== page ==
“A Country Where You Once Lived” by Robin Black (2010) is a great example of a short story in which the present story plays out alongside the backstory of a stand-out inflection point (“fulcrum”) which happened 13 years earlier. Two separate time periods merge into one. Whenever this happens in a story we are reminded that no single moment in time stands in isolation — the present is inevitably affected by the past.
The symbolism of trains, and their connection to the irreversible march of time, and the unforgiving nature of bad moral decisions, is fully mined in “A Country Where You Once Lived”. Continue reading “A Country Where You Once Lived by Robin Black”
This Country is a fly-on-the-wall mockumentary sitcom with two series so far (2017-2018). The story centers the misadventures of two cousins marooned in a small village in the Cotswolds. Most of their peers have moved on. Kerry and Kurtan are stuck in adolescence. They behave like typical Year 10s, despite being in their late 20s, early 30s.
Critics have said that the strength of this show is the ‘winning mix of heartfelt moments and punchy belly laughs’. Continue reading “Comedy Techniques In “This Country””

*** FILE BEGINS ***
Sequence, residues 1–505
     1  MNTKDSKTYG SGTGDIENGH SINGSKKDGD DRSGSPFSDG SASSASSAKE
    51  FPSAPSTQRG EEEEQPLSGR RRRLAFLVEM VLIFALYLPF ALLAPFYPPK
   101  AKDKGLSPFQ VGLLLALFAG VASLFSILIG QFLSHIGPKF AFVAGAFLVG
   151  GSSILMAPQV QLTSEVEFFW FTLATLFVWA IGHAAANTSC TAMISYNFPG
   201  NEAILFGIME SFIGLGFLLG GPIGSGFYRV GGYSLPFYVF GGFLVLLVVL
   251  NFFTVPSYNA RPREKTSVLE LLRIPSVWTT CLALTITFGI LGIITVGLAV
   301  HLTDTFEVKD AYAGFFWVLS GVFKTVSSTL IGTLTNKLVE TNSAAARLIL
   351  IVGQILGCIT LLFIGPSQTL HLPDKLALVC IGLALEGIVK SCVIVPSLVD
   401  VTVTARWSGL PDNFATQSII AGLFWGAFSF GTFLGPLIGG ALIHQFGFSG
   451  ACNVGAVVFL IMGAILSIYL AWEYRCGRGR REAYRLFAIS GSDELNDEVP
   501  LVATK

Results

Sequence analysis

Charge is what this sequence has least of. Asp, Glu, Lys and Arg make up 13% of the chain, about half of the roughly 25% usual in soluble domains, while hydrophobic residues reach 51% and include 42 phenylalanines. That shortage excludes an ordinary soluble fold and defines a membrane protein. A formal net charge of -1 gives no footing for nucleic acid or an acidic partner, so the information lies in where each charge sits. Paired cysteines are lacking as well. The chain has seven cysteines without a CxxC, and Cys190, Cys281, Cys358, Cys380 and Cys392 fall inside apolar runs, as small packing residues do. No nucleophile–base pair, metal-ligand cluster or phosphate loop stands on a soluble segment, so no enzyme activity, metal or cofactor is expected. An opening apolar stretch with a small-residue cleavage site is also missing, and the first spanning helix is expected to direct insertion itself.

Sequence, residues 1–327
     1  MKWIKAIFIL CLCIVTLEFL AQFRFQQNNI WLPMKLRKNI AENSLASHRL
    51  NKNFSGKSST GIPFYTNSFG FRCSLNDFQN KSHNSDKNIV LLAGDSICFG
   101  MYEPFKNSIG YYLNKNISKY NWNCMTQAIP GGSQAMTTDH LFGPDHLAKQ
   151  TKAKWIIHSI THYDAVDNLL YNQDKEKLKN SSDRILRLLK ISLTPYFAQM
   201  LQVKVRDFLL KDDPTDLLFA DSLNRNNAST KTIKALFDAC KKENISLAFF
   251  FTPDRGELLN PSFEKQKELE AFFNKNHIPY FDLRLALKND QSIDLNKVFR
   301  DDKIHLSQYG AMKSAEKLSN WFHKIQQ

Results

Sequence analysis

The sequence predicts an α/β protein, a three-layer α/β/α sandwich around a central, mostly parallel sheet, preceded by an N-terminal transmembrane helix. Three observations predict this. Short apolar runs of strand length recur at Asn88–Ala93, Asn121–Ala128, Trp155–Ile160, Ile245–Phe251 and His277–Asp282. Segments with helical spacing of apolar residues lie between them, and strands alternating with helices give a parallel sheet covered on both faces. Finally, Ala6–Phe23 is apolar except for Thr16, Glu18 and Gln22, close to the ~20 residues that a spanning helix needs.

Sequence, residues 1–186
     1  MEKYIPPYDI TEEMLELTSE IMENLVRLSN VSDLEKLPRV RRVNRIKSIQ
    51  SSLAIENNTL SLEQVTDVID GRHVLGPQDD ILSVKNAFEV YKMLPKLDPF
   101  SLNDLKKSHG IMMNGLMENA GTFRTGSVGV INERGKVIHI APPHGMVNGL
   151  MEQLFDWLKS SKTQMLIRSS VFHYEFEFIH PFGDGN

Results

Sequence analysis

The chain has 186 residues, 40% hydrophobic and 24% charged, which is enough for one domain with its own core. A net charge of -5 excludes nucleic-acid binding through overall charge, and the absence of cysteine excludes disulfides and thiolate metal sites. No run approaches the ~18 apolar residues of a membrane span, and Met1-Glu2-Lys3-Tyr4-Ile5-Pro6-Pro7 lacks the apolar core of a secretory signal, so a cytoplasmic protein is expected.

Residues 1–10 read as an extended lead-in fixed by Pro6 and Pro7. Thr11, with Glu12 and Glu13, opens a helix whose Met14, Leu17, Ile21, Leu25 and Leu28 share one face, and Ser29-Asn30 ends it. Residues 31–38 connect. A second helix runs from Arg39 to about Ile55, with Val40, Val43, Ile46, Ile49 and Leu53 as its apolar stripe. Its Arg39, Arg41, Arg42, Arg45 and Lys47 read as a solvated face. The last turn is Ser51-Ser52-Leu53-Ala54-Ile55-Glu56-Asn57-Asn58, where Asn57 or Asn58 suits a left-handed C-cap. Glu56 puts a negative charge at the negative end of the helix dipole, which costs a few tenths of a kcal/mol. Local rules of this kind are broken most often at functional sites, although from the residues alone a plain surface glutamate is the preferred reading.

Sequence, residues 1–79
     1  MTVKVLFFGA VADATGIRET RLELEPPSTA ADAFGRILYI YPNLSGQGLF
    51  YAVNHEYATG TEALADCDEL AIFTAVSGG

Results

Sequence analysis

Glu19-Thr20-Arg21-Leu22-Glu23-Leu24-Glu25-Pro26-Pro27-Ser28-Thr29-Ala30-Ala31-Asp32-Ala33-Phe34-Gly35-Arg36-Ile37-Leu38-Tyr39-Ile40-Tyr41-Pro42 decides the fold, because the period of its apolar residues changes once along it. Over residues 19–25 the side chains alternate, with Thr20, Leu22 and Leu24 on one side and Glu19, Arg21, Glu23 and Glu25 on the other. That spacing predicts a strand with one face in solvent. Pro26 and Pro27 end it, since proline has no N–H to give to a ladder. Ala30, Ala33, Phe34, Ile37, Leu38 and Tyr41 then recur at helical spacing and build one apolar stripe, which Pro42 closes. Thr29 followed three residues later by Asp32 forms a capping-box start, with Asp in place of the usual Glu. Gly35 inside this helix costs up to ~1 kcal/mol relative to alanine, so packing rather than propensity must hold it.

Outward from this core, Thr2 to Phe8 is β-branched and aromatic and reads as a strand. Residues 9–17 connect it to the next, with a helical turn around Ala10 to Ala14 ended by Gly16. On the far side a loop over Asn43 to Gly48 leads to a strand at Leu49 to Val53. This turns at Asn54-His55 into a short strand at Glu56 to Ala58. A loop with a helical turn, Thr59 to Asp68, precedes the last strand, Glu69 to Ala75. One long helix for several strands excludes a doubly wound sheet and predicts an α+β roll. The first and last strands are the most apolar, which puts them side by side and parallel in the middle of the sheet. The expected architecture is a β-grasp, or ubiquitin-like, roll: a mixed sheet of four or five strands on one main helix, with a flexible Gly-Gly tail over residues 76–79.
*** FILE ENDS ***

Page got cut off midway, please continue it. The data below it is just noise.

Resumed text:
The Tale of Ginger and Pickles by Beatrix Potter is a story of utopian, idealised capitalism, first published 1909. This is how we’d all like capitalism to work — small local businesses provide goods and services; those friends providing the best goods and services win out, those ill-suited to small business find other, more suitable occupations. All is fair and just. Continue reading “The Tale of Ginger and Pickles by Beatrix Potter”
“The Three Strangers” is a short story by Thomas Hardy, published as a serial in 1883. The story is set in 1820s pastoral England and is one of Hardy’s ‘Wessex Tales’.
Continue reading “The Three Strangers by Thomas Hardy”